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Disbelief following subscriber draw win

Fonterra director John Monaghan says he is in disbelief after winning a BMW 320i xDrive Touring just for having a member’s subscription to the National Business Review. The prize is valued at $83,800.

Mr Monaghan, who picked up his new wheels this week, says he thought it was a mate ringing to wind him up when NBR publisher Todd Scott called to tell him he’d won. 

He told Mr Scott he was absolutely flabbergasted and says he has never won a prize of this scale before.

“We feel very privileged to have won anything, let alone a BMW.”

Mr Monaghan says he is very excited to be getting a BMW in time for Christmas. He says he may even give it to his wife, Sarah.

The farmer says he has been a hard-copy subscriber for quite some time but just picked up an NBR ONLINE subscription in October.

ABOVE - WINNER'S PHONE CALL: Listen to John Monaghan learning he's won.

He reads it most days online and finds it easy to access on his iPad when travelling.

While Fonterra has a corporate IP subscription, having a personal account on top of that enables Mr Monaghan access to breaking news wherever he is.

Mr Monaghan, who is from Eketahuna, says although he may be one of few to own a BMW there, the way farming is going there might be more European cars hitting the provinces.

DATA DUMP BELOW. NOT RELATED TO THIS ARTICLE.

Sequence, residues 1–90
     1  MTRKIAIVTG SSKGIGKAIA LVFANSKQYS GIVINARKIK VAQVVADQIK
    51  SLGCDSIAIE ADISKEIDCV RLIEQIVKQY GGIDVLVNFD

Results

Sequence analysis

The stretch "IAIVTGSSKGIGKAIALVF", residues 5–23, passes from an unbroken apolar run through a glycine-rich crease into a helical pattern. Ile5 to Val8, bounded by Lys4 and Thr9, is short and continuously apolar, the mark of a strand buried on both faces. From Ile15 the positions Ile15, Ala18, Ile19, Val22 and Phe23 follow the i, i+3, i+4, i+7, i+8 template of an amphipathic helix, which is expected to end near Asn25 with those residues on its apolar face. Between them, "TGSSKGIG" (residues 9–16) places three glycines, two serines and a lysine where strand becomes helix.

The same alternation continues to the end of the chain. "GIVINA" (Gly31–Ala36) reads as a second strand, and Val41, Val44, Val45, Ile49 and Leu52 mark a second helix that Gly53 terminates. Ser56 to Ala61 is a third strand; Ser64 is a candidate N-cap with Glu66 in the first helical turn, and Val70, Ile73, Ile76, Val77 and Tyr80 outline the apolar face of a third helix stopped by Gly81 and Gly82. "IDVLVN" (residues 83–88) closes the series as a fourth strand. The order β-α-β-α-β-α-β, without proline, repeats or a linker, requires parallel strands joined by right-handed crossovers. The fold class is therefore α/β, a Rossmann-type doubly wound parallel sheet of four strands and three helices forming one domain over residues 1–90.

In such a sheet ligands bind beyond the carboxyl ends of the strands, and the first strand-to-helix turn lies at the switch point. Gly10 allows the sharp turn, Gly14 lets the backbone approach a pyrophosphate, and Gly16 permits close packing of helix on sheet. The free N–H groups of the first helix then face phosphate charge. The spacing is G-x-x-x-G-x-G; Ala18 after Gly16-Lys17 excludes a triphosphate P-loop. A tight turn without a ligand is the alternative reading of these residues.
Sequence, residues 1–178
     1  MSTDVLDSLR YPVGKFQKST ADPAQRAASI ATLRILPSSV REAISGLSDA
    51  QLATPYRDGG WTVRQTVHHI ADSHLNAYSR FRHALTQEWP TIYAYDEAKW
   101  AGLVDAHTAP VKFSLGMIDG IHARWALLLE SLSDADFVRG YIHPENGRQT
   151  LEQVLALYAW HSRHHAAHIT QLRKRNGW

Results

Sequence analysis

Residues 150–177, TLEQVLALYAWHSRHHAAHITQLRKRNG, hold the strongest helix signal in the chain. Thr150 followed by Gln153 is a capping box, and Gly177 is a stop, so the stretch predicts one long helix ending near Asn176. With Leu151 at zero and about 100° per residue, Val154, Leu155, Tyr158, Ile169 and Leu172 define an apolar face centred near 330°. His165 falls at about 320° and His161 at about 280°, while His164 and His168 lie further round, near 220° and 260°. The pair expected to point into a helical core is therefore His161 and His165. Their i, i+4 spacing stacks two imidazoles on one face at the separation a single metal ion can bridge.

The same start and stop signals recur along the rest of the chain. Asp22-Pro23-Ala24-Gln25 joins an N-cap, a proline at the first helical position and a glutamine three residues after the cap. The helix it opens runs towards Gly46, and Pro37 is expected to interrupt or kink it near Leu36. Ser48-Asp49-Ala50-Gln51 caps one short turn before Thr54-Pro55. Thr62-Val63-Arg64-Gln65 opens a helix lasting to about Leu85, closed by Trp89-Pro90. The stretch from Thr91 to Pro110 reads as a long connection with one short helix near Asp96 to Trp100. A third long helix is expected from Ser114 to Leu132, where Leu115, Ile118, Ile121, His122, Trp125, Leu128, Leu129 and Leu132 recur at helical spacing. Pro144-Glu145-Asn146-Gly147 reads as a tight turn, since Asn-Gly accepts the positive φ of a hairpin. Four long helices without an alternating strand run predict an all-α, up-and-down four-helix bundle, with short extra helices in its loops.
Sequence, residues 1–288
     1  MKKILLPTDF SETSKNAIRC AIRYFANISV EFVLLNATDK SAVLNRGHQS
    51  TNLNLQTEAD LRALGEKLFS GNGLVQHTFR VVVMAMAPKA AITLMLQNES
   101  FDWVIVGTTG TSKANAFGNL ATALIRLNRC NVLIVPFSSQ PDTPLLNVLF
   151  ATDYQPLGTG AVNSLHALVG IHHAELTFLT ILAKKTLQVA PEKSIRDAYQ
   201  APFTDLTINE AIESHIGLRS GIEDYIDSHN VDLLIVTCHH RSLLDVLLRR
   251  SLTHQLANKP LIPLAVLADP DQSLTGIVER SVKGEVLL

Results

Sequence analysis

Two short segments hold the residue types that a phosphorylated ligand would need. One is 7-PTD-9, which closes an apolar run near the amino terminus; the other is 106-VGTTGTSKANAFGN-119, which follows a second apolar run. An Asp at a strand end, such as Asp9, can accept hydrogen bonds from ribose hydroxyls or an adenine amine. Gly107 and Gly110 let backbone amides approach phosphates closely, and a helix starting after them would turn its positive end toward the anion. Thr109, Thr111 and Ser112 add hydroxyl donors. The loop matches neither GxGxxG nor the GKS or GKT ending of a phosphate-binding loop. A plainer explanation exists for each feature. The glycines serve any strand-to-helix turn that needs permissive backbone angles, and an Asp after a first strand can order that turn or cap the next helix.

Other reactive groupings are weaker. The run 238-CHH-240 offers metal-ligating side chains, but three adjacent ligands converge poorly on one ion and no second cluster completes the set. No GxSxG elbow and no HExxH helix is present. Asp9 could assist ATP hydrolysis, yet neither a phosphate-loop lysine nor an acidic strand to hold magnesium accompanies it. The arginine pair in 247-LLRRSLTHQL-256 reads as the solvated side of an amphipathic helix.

NBR has awarded a subscriber prize since 2009 and the prize pool now totals over $650,000. Prizes have included a trip for two to a Cambodian resort, a Peugeot 508 and a 28-night luxury European escape.

Previous winners include BDO partner Stephen Tubbs, Crombie Lockwood chief executive Carl O’Shea, Horton Media chief executive Matthew Horton and Financial Markets Authority chairman Simon Allen.

Comments and questions

Congratulations to John!
Not that I am bitter about not winning or anything.
I am guessing, by the look of the previous winners, and John's profile, that this is not actually a random draw.
How do you choose the winner? Just curious?

Hi Anonymous,

The names of all paid NBR ONLINE subscribers, and print edition subscribers, are merged into a single spreadsheet. Each subscriber is automatically assigned a row number in the process. A random number is then drawn from as three witnesses look on.